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The Dilemma Over the Blasphemy Law in Pakistan

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The Dilemma Over the Blasphemy Law in Pakistan

The mob killing of a Sri Lankan is the culmination of a fire lit decades ago, when a doctrinaire interpretation of Islam was allowed to thrive in a politically driven move to legitimize religious intolerance.

The Dilemma Over the Blasphemy Law in Pakistan

Police officers stand guard at the site where a Sri Lankan citizen was lynched by Muslim mob outside a factory in Sialkot, Pakistan, Friday, December 3, 2021.

Credit: AP Photo/Shahid Akram

Despair washed over Pakistan last week, leaving even the most optimistic amongst us in a state of hopelessness.

Priyantha Kumara, a Sri Lankan national who worked as a general manager at a local factory in Punjab’s Sialkot city, was tortured, murdered, and then set on fire by a mob that had accused him of blasphemy.

It later emerged that Kumara, who had been living and working in Pakistan for over a decade, had removed stickers of the far-right group, Tehreek-e-Labbaik Pakistan (TLP), from factory machinery before a visit from international clients. Some reports say he was killed over a dispute with factory workers.

The harrowing ordeal was documented, and captured the killers celebrating for sending a “blasphemer” to hell. Of all the visuals, one image stands out in particular as encapsulating the organized chaos that is the Pakistani state’s affair with religious extremism.

That image is of a young man taking a selfie in front of Kumara’s burning corpse. The back cover of his mobile phone is inscribed with Bollywood lyrics: “Apna Time Ayega” (Our time will come).

It certainly looks like his time is here.

What happened in Sialkot is a culmination of a fire lit decades ago, when a doctrinaire interpretation of faith was allowed to prosper in a politically driven move to legitimize religious intolerance.

Pakistan inherited blasphemy laws from its British colonizers, who introduced a decree in 1860 to control Hindu-Muslim clashes in the subcontinent. More than a century later, post-partition Prime Minister Zulfikar Ali Bhutto introduced a constitutional amendment declaring members of the Ahmadiyya sect as “non-Muslim” in a bid to woo the far-right. The laws were further strengthened during the military rule of Gen. Zia-ul Haq, who pursued an Islamization program to gain legitimacy for his power grab.

The blasphemy laws carry a potential death sentence for anyone who insults Islam.

While Bhutto may have lit the blaze, it has been kept alive by civilian leaders and military rulers alike, and the current hybrid regime is no different.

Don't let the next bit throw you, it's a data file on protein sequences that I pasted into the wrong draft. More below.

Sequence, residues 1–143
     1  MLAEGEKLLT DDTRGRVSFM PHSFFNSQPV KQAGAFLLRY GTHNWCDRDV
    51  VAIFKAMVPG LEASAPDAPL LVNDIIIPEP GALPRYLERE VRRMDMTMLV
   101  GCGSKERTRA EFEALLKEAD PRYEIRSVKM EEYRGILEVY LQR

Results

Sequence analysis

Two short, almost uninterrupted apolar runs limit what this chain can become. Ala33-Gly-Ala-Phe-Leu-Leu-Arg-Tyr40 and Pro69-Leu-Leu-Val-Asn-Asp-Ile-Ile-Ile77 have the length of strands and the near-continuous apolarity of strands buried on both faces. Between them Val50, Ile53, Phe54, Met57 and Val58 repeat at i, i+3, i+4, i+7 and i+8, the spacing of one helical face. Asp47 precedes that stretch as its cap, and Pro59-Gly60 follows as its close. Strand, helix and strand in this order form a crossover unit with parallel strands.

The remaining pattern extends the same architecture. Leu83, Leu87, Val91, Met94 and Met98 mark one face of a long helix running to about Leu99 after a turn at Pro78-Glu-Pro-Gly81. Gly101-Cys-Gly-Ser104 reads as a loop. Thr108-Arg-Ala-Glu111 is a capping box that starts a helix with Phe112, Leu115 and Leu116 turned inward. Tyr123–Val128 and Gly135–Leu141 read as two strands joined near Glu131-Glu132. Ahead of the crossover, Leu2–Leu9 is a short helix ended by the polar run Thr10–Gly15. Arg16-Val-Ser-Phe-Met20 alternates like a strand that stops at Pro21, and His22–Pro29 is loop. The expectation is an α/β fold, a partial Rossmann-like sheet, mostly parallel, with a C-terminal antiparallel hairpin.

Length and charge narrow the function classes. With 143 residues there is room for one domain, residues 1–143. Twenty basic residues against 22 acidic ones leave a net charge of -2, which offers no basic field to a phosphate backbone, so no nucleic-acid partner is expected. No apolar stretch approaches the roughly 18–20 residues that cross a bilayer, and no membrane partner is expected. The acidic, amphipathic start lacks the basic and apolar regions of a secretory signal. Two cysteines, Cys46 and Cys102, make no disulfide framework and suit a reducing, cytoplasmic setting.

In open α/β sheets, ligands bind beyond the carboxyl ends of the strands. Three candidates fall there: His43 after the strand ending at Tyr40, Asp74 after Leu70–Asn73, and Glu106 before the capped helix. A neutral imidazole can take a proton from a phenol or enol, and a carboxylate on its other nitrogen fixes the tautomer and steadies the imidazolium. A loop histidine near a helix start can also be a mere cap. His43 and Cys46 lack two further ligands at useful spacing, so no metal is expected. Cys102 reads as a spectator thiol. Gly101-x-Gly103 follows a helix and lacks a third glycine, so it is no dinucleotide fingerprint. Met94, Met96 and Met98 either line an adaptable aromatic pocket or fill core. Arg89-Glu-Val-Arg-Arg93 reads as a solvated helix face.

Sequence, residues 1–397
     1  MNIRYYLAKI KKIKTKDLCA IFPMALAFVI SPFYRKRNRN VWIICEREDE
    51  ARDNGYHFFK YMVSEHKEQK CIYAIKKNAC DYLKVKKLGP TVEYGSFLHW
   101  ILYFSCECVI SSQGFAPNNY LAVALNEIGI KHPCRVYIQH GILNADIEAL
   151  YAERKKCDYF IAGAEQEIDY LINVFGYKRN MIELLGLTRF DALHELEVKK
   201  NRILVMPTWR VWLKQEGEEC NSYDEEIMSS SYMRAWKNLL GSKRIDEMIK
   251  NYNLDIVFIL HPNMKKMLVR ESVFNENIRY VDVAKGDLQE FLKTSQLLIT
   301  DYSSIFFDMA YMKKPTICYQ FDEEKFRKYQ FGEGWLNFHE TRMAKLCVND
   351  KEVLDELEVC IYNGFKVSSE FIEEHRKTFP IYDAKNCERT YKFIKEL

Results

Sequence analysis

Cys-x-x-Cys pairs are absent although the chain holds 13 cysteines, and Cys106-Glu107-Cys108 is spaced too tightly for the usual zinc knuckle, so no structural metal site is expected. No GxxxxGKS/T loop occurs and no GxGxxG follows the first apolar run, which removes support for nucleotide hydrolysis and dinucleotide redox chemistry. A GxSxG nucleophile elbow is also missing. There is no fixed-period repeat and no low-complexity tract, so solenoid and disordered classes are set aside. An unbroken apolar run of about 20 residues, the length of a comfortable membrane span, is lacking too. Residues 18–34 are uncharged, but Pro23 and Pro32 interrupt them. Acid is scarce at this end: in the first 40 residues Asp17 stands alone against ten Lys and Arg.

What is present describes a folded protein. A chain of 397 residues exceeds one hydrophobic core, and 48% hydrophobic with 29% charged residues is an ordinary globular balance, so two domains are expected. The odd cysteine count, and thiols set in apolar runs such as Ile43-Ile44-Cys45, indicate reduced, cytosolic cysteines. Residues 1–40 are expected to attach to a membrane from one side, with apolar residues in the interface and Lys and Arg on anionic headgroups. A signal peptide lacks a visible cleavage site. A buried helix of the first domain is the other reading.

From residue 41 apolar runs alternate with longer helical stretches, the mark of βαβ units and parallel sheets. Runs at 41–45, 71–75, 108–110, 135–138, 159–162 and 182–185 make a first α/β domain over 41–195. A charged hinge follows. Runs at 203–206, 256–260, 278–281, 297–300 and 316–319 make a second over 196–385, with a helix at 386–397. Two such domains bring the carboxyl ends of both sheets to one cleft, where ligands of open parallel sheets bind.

Interestingly, the mob violence took place a day after Prime Minister Imran Khan urged universities to research the “harmful effects of Western culture on the family system” – the latest in a series of efforts to intertwine religion with education.

The cricketer-turned-politician has long been an advocate of reconciliation with religious extremists and militants. He has initiated talks with mass murders with a clemency offer, even as he describes  liberals as “scum of the country.” Ministers in the Khan government are considering treason charges against those opposing extremism.

To Khan’s credit, the government tried to ban the TLP and declare it a militant outfit over violent demonstrations in April demanding the expulsion of the French ambassador in Islamabad and the severing of trade tries with that country. However, the ban was subsequently lifted and the group’s leader, Saad Rizvi, released in October following a secret agreement between the government and the far-right organization, after deadly protests in Lahore killed at least six police officials.

With blasphemy as its principal plank, the TLP is readying itself for the upcoming general elections.

Where the Pakistani state has made rigorous efforts to mainstream the far-right into the political process, there is no clarity on the deradicalization of these parties.

A downside of allowing intolerance to go unchecked is the normalization of extrajudicial violence. Just days before the incident at Sialkot, a police station in Khyber Pakhtunkhwa province was set ablaze over officers’ refusal to hand over an accused blasphemer to a mob.

The fear around blasphemy cases means that even those in power are often too afraid to voice their disapproval. So, while the laws are often misused against religious minorities, this time the official condemnations were vehement because the mob lynched a foreign national of a friendly country.

Even so, both government and opposition carefully phrased their condemnations, with Khan using words such as “vigilante” while the leader of opposition conglomerate, Maulana Fazlur Rehman, said that mob violence was a result of the state’s failure to address blasphemy accusations.

The choice of words reflects attempts to avoid being perceived as a defender of an accused blasphemer – a label that no amount of religiosity can sustain. Salman Taseer, former Punjab governor, was shot and killed by his guard for exactly this transgression.